Sexual harassment is any unwanted or unwelcome sexual behaviour where a reasonable person would have anticipated the possibility that the person harassed would feel offended, humiliated or intimidated.
It has nothing to do with mutual attraction or consensual behaviour.
The woman’s boss engaged in a range of other conduct of a sexual nature. However, the court also found that certain acts – including giving the woman gifts of a sexual nature, such as underwear, sending explicit text messages and attempting to share a bunk bed – was unwelcome sexual harassment Sexual harassment in the workplace is against the law.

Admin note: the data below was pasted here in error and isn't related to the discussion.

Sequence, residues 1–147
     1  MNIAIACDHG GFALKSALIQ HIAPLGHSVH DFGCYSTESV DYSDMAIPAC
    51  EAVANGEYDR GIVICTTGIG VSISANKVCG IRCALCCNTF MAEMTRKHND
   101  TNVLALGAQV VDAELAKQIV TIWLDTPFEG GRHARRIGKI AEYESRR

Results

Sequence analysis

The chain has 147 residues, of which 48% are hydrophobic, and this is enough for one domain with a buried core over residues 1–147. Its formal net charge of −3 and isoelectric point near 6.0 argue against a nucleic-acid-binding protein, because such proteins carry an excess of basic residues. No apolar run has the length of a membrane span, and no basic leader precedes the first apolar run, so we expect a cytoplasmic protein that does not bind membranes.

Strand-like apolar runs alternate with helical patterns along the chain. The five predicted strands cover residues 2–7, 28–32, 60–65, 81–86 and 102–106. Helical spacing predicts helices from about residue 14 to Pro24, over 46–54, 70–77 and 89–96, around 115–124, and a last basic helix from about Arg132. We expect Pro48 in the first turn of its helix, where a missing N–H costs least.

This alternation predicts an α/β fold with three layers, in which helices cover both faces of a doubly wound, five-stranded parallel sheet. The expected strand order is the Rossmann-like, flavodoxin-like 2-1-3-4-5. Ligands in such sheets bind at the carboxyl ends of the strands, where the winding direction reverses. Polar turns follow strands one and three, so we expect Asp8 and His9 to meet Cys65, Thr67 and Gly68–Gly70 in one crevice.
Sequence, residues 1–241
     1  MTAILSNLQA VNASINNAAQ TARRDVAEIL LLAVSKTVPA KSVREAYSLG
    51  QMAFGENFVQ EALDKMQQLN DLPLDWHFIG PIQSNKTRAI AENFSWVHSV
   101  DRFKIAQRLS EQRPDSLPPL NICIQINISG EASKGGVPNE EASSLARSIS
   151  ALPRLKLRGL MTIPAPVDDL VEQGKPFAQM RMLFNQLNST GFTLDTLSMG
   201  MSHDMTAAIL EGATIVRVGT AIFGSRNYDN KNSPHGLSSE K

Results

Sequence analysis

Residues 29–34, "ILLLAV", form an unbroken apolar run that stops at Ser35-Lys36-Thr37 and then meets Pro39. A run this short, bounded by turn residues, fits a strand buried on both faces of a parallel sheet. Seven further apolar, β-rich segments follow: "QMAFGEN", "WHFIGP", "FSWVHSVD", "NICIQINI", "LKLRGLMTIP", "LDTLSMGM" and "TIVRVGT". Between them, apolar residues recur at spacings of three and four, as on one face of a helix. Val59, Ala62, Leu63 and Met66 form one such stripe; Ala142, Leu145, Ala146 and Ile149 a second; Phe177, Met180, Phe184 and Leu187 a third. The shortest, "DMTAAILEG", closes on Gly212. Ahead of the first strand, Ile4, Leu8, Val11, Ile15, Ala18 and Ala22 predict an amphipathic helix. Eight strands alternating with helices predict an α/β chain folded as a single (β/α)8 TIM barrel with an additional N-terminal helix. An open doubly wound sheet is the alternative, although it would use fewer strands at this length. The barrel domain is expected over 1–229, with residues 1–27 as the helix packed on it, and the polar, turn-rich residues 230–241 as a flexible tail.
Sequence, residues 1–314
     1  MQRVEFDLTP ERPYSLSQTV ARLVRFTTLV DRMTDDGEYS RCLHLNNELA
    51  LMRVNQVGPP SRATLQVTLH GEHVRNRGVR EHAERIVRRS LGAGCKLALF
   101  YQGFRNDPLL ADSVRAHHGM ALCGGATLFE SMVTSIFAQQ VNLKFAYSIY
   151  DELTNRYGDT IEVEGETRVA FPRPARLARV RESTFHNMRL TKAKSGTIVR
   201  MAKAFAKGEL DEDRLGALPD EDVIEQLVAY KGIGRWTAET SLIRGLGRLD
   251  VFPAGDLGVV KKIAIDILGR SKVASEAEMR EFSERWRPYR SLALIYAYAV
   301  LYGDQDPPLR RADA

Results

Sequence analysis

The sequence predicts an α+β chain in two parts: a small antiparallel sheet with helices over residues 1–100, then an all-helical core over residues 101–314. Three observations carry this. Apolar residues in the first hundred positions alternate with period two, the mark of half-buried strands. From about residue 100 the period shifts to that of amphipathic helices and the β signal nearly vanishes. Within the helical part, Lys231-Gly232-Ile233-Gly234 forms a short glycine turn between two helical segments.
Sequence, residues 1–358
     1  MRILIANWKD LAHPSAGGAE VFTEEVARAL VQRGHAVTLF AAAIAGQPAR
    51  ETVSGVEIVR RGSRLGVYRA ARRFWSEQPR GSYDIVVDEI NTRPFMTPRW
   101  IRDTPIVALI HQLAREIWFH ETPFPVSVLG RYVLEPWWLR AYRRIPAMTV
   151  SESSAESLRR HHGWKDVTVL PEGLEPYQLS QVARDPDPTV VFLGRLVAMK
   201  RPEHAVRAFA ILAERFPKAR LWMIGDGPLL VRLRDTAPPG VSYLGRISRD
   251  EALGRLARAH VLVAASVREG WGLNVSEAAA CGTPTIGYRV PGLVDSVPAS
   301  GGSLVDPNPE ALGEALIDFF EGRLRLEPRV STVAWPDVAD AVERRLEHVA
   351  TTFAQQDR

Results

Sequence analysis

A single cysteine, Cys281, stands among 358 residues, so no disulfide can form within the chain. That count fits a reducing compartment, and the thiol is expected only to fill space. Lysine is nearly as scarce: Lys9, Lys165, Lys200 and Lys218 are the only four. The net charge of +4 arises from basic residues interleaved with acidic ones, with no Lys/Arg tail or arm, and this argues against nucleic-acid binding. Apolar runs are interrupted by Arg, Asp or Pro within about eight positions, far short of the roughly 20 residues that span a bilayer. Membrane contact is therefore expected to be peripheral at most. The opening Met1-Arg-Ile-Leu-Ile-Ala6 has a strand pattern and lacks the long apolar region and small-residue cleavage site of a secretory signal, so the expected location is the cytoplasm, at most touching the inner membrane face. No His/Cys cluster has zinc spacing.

A person who sexually harasses someone else is responsible for their behaviour.
You may still have to see or work with the person," says Pachter.It’s too risky of an environment to begin your practice in.